Amid all the congressional debate and media coverage, it's amazing that almost no one has stopped to ask how the prescription drug benefit being rushed into law will affect the solvency of the Medicare trust fund.
The answer is that it will have no effect at all--and that nonnews is big news indeed. Without the drug benefit, the Trustees project that Medicare will be solvent until 2026.Â With the benefit, which is due to cost $100 billion a year and rising within a decade, Medicare will still be solvent until 2026.
Trust-fund accounting has always been an imperfect measure of Medicare's impact on the federal budget.Â Clearly, it has now become irrelevant.
That's a problem, since, imperfect as it is, trust-fund accounting is the only backstop the budget has against runaway entitlement spending.Â Traditional trust-fund rules at least attempt to constrain spending to an existing earmarked revenue source. Â The prescription drug trust fund will enjoy an open-ended claim on general revenue, which is another way of saying that, for the foreseeable future, it will be deficit-financed.Â
A Time-Honored Tradition
Trust-fund accounting is a time-honored budget tradition dating back to the founding of the nation and beyond.Â Over the years, it has been applied to everything from the post office and highway construction to civil service pensions and Social Security.
Yes, trust-fund accounting has many pitfalls.Â Federal trust funds do not engage in genuine savings.Â By balkanizing government, they also favor special interests over the general interest. Still, trust-fund accounting has one redeeming virtue--namely, it encourages Congress to take long-term costs into account.Â Over the years, the looming insolvency of a trust fund has often led Congress to cut benefits or raise taxes, the most famous case being the 1983 Social Security Reform Act.
Medicare has always been part of this trust-fund tradition. When it established Medicare, Congress set up its Hospital Insurance or HI program as a payroll-tax financed trust fund.Â It made an exception, however, for Supplementary Medical Insurance or SMI, in part because of the AMA's opposition to payroll-tax financed benefits, which it considered tantamount to socialized medicine. SMI was thus financed by a combination of beneficiary premiums and general revenues.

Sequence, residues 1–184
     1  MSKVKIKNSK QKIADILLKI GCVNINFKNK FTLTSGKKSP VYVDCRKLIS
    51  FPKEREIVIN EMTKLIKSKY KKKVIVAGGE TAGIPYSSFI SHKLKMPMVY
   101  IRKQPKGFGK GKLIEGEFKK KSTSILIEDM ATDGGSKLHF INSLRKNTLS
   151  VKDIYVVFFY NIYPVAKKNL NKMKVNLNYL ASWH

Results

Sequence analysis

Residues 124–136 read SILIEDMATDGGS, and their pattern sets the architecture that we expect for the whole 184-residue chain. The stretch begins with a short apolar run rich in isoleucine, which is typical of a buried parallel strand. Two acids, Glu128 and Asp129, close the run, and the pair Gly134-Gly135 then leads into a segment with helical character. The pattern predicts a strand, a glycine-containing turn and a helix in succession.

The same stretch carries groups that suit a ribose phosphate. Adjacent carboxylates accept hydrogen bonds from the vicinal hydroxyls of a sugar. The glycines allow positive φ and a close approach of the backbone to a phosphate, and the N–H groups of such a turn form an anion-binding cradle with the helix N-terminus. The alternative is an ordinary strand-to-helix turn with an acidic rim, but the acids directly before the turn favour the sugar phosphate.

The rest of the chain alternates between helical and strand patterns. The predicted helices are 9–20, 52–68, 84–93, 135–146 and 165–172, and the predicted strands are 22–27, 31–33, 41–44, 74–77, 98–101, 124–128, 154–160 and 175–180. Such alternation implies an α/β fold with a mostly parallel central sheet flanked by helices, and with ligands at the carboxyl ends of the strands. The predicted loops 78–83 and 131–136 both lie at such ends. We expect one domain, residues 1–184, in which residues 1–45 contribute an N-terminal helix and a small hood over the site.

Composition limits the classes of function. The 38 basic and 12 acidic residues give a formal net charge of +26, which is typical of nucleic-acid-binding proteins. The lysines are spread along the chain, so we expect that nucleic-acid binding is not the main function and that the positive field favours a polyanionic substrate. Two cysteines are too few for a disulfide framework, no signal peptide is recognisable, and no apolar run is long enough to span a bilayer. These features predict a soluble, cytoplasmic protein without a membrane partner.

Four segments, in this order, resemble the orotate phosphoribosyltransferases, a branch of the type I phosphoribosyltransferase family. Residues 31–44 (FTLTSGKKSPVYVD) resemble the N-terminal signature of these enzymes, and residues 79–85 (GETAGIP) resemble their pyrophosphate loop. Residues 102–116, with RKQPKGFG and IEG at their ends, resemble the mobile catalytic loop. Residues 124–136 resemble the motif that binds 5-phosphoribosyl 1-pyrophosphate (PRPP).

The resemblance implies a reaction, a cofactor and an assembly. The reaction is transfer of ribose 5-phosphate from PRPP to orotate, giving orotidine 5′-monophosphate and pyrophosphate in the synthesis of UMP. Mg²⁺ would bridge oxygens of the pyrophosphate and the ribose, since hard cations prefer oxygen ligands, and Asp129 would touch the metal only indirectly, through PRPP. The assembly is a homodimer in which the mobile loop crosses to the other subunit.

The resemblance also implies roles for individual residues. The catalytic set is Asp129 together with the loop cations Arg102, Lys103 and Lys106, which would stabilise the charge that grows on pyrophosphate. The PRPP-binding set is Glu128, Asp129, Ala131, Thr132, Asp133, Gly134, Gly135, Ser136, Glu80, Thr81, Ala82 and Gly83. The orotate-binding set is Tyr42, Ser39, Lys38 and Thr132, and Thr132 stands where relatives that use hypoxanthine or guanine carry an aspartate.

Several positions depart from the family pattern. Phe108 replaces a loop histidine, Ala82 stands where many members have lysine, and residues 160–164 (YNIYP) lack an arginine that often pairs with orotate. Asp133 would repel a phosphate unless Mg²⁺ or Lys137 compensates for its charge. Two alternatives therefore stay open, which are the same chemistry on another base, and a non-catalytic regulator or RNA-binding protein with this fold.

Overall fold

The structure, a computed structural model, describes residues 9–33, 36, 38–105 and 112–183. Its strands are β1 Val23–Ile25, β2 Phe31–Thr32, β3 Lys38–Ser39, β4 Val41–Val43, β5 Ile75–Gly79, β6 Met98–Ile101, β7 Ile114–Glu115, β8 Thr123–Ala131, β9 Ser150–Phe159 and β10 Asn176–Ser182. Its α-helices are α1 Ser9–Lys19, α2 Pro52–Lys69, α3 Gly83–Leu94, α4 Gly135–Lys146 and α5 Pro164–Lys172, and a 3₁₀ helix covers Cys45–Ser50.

At the time, few in Congress considered this a big deal, since SMI was a relatively small component of Medicare.Â But once the door was opened, it couldn't be shut again.Â Over time, Congress let SMI premiums decline as a share of program outlays.Â It opened the HI trust fund to general revenue by crediting it with Social Security benefit taxes. And it shifted billions of dollars of expenditures from HI to SMI, thus improving Medicare's â€œsolvencyâ€ without reducing its cost.
Some favored general revenue financing because it was more progressive than payroll-tax financing.Â Others simply chafed at any rule that might force them to cut benefits.Â Meanwhile, as the pitfalls of trust-fund accounting became better known, new generations of Americans forgot why we have trust funds at all. Â
Now, for the first time in history, Congress is debating a major new senior entitlement without so much as a nod to traditional trust-fund constraints.Â In both the Senate and House bills, the drug benefit would be financed through special accounts that are nominally trust funds, but in which general revenue subsidies will automatically cover whatever the cost turns out to be.
A Perilous Step
Congress is taking a perilous step in dismantling the trust-fund backstop.Â The drug benefit's open-ended claim on general revenue will make cost control much more difficult. Yet paradoxically, by undermining Medicare's status as contributory social insurance, it may also reduce popular support for the program.
Â The Concord Coalition urges Congress to reconsider its trust-fund end run. Â While trust-fund accounting has many pitfalls, it's irresponsible to jettison it without putting a new cost control mechanism in its place
FACING FACTS AUTHORS: Neil Howe and Richard Jackson CONCORD COALITION EXECUTIVE DIRECTOR: Robert Bixby